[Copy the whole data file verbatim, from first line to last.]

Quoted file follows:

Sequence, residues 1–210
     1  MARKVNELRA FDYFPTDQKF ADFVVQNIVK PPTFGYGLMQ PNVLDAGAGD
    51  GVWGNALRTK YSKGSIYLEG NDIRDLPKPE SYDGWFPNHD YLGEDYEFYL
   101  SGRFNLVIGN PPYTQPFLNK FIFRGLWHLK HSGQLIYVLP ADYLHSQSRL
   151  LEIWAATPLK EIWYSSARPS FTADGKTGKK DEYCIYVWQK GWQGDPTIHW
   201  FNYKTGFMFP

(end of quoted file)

Sequence, residues 1–210
     1  MARKVNELRA FDYFPTDQKF ADFVVQNIVK PPTFGYGLMQ PNVLDAGAGD
    51  GVWGNALRTK YSKGSIYLEG NDIRDLPKPE SYDGWFPNHD YLGEDYEFYL
   101  SGRFNLVIGN PPYTQPFLNK FIFRGLWHLK HSGQLIYVLP ADYLHSQSRL
   151  LEIWAATPLK EIWYSSARPS FTADGKTGKK DEYCIYVWQK GWQGDPTIHW
   201  FNYKTGFMFP